Retirement: Where Could You Get Safe 6% Income?

The stock market was on a roll all year long last year, and the rally continues in the new year. Most investors love the idea of rising markets and for a good reason. It gives everyone a feeling of getting wealthier. However, it becomes challenging if you need to put new money to work in the market. Also if you invest in 401(k) every paycheck, and still have more than 10-15 years to retire, you are getting less of a bargain each passing month. In fact, a fast-rising market is sort of a bad deal for young investors whose time horizon is long because they will be getting less number of shares for the same amount of money.

On the other hand, for retirees or near-retirees, a rising or a bull market is actually a very good thing, since they are not putting much of new money to work. On the flip side, a prolonged bear market early in the retirement can be devastating.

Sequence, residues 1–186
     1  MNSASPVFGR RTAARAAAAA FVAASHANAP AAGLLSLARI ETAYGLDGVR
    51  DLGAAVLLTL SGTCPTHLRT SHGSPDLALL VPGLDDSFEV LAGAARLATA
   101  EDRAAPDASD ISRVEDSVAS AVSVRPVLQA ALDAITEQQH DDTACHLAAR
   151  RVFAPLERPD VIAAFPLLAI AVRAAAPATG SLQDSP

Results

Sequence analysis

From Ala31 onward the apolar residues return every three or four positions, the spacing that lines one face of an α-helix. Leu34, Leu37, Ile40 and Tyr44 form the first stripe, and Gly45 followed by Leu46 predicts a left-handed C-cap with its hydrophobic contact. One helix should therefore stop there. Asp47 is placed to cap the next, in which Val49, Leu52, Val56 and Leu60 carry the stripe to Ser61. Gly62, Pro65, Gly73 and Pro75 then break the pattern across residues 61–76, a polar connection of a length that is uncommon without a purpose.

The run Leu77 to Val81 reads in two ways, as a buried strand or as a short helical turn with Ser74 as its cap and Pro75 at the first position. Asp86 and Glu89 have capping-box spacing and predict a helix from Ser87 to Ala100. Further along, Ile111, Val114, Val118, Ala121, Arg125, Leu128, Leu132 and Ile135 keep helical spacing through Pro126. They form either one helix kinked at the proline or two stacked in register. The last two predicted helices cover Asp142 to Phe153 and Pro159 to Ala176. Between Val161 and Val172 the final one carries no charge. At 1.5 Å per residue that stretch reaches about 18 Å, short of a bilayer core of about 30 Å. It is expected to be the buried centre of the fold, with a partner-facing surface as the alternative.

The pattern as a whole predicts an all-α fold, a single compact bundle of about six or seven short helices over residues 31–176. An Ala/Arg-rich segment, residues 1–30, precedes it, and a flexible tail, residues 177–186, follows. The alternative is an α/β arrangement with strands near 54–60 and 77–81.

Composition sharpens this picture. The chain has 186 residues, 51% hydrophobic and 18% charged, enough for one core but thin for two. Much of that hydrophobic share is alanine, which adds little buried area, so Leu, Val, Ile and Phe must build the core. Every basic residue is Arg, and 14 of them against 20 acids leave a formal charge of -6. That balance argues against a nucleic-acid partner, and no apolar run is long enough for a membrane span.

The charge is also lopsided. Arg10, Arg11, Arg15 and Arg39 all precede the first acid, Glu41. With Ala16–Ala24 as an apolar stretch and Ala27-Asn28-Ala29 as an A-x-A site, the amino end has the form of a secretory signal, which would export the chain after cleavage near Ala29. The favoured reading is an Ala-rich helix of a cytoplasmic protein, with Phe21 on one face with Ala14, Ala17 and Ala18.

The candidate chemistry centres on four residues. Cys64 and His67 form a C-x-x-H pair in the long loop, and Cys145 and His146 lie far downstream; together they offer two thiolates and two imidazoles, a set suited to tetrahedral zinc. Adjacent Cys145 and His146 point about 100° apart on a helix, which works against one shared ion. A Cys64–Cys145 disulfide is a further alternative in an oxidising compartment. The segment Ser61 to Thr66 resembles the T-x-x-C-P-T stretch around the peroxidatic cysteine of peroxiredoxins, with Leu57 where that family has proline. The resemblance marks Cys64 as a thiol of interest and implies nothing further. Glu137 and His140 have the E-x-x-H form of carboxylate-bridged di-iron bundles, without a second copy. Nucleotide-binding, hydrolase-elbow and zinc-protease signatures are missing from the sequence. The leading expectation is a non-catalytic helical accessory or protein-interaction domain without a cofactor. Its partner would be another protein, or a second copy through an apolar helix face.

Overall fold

However, most retirees do not invest for total return, but for a regular stream of income while preserving capital. So, the big question that faces every retiree is how to get safe income without dipping into or losing principle. Obviously, bank or CD deposits pay next to nothing. Bonds have been in a bull market for nearly three decades and are expected to lose value in a rising interest rate environment. Yet, there are several viable alternatives; however, none is without flaws or risks. For our examples, we would assume that our typical investor needs $40,000 of annual income from the investment portfolio. Rest of the spending-need will be met by social security or other fixed income coming.